Russian thistle, also known as tumbleweed, is a dense intricately-branched plant forming a round bushy clump one to three feet tall. Stems and branches vary in color from green to red, often with darker stripes. It has many rigid and spine-tipped, narrow, fleshy leaves and bracts, which are soft when young but become dry and brittle with age.

Columbia goldenweed is one of the last blooming wildflowers in our foothills, followed only by snow buckwheat, rabbitbrush, and tall buckwheat.

Snow buckwheat is conspicuous because it flowers in late summer when other plants in its rocky habitat are dormant. Sometimes it grows so abundantly that the landscape appears dusted with snow. Snow buckwheat grows in clumps up to sixteen inches tall and wide. The crown gives rise to numerous short woody stems.

Buckwheats have branched stems one to three feet tall, and large, three to six inch, densely hairy, leathery basal leaves. The flowers, individually very small, form dense single or multiple umbrella-like clusters, called umbels, at the end of the upright, nearly leafless stems. Each small flower has three sepals and three petals.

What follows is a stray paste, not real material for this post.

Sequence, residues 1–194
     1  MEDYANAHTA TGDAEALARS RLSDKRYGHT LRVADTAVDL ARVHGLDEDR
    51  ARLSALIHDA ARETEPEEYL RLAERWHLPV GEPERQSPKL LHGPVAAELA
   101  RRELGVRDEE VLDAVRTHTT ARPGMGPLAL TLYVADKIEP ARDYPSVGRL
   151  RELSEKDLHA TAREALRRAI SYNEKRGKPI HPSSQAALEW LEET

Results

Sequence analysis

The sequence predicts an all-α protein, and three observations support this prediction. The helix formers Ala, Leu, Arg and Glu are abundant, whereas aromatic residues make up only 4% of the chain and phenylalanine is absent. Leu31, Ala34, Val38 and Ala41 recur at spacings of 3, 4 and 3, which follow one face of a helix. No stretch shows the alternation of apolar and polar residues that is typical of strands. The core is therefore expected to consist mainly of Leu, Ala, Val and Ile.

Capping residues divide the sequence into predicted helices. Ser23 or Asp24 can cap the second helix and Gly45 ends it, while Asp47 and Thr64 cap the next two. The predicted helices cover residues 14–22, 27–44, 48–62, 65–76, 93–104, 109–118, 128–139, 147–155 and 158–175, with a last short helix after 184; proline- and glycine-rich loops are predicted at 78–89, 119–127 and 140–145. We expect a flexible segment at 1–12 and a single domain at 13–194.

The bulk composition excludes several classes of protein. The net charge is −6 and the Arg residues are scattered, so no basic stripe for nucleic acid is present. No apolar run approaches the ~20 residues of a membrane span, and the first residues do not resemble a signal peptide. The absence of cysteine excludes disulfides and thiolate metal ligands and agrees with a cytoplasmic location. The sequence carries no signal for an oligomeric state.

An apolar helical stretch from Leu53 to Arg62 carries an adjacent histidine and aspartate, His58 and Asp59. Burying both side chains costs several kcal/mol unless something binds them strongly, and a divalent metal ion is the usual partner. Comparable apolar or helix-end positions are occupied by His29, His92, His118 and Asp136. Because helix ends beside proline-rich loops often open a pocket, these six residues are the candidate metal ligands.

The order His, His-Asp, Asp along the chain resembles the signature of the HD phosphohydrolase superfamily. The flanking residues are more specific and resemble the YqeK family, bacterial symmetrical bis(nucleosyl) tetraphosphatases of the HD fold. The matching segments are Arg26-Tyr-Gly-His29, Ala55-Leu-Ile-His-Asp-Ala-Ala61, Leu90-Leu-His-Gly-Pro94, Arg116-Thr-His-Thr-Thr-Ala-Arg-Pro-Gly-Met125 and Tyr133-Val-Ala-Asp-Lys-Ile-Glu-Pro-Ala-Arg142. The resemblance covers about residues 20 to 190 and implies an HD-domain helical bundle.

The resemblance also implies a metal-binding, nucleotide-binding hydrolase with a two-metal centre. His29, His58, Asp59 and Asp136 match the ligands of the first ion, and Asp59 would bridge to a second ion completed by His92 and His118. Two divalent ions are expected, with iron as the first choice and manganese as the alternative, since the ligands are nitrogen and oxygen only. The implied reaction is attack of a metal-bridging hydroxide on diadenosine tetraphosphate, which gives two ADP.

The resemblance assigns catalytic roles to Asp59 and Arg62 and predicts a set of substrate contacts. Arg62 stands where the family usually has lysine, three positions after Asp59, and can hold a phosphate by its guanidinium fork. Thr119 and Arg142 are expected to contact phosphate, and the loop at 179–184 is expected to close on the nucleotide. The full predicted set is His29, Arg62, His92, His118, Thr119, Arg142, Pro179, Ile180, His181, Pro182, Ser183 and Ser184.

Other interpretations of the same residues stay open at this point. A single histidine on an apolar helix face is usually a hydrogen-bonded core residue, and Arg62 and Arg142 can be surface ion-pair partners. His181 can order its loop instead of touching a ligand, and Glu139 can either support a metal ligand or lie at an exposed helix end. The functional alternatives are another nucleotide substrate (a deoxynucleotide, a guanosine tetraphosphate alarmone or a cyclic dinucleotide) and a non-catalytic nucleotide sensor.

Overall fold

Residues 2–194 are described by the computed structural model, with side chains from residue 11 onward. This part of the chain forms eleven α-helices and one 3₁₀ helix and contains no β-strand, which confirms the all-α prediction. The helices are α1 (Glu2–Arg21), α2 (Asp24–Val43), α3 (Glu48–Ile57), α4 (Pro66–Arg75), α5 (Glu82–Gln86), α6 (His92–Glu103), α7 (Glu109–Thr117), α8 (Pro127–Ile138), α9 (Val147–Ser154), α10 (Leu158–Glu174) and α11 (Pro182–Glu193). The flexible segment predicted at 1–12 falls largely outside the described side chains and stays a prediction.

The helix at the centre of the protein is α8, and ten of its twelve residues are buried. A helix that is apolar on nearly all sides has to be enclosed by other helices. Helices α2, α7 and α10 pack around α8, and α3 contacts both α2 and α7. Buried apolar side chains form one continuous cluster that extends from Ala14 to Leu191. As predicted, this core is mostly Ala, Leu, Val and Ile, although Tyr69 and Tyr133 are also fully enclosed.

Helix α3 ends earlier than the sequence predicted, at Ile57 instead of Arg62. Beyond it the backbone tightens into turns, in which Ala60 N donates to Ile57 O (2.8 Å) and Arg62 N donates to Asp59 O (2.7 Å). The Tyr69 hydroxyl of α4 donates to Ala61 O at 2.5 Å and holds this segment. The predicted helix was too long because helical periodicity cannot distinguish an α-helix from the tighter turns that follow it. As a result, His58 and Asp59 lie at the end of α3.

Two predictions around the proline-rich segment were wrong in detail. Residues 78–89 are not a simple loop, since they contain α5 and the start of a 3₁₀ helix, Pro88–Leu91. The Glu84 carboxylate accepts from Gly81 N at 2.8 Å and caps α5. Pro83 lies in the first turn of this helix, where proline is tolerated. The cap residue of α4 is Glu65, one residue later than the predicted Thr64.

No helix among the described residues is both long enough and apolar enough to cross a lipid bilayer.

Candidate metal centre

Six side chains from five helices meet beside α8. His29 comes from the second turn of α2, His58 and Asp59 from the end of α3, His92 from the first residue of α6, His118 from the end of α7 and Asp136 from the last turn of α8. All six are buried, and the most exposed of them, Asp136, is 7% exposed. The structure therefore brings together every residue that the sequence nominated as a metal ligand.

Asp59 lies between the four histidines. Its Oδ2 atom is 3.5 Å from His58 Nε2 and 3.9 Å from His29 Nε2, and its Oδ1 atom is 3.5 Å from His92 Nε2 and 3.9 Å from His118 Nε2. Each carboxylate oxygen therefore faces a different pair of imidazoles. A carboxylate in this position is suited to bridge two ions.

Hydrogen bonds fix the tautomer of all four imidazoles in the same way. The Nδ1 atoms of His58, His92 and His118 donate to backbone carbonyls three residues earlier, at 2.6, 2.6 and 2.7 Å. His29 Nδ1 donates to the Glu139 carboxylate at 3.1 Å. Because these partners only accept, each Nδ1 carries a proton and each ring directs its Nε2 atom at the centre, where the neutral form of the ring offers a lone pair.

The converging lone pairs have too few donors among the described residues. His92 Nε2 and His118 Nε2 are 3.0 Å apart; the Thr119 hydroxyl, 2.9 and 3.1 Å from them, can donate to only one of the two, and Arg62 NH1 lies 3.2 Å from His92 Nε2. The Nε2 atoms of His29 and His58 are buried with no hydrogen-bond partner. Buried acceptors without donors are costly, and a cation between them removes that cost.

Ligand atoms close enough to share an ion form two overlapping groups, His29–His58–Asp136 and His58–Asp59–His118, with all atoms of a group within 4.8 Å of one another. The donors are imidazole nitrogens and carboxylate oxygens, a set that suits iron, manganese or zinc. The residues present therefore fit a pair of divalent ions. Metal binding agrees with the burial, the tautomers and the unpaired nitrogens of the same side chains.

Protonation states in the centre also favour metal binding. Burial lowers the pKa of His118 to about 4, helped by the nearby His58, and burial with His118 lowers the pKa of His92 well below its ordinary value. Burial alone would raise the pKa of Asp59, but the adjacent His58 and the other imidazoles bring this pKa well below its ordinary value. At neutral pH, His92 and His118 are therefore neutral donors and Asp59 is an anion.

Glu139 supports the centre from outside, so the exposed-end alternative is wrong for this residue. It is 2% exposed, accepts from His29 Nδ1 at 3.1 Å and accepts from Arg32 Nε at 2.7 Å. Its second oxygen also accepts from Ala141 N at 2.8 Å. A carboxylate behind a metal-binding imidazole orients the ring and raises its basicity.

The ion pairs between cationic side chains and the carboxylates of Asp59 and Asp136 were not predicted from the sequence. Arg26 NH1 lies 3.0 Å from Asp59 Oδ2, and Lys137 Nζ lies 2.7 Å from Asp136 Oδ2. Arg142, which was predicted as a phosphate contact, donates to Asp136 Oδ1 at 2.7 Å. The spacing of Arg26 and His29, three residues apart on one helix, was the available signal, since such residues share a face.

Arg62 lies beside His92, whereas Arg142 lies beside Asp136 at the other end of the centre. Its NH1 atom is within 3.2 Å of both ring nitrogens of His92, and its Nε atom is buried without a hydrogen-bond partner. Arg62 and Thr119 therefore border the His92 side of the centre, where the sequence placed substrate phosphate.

Three-tip sagebrush is a rounded, freely branching, evergreen shrub. Its leaves are gray-green, long, and deeply cleft into three lobes. The stems are a smooth pale gray. Three-tip sagebrush carries the distinctive sage fragrance, especially when wet. The flowers are green and inconspicuous.

Big sagebrush is a strongly scented, woody evergreen shrub. It is the most abundant shrub in the shrub-steppe because it has adapted to a wide range of environmental conditions. It usually grows about four feet tall, but can grow taller than ten feet in areas with deep soil and more moisture.

Stiff sagebrush is a low mounding shrub, strongly scented with the characteristic sage odor. It is low and spreading with a conspicuously woody base. The base is often heaved from the soil by frost action.